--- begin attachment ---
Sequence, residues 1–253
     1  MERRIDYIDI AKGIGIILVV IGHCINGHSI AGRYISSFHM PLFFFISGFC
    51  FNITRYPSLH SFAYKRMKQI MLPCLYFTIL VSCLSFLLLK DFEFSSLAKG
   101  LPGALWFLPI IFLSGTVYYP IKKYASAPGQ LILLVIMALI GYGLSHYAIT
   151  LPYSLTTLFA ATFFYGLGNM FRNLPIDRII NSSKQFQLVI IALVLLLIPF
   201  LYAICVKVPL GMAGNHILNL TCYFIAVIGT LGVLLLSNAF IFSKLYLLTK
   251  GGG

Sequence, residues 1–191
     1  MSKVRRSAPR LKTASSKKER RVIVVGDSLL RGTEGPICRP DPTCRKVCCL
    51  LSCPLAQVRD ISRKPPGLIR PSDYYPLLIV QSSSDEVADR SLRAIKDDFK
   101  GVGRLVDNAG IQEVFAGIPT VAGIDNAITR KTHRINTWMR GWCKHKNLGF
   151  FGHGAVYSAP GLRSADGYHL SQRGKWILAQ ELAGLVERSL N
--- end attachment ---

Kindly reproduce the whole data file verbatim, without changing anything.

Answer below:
Sequence, residues 1–253
     1  MERRIDYIDI AKGIGIILVV IGHCINGHSI AGRYISSFHM PLFFFISGFC
    51  FNITRYPSLH SFAYKRMKQI MLPCLYFTIL VSCLSFLLLK DFEFSSLAKG
   101  LPGALWFLPI IFLSGTVYYP IKKYASAPGQ LILLVIMALI GYGLSHYAIT
   151  LPYSLTTLFA ATFFYGLGNM FRNLPIDRII NSSKQFQLVI IALVLLLIPF
   201  LYAICVKVPL GMAGNHILNL TCYFIAVIGT LGVLLLSNAF IFSKLYLLTK
   251  GGG

Sequence, residues 1–191
     1  MSKVRRSAPR LKTASSKKER RVIVVGDSLL RGTEGPICRP DPTCRKVCCL
    51  LSCPLAQVRD ISRKPPGLIR PSDYYPLLIV QSSSDEVADR SLRAIKDDFK
   101  GVGRLVDNAG IQEVFAGIPT VAGIDNAITR KTHRINTWMR GWCKHKNLGF
   151  FGHGAVYSAP GLRSADGYHL SQRGKWILAQ ELAGLVERSL N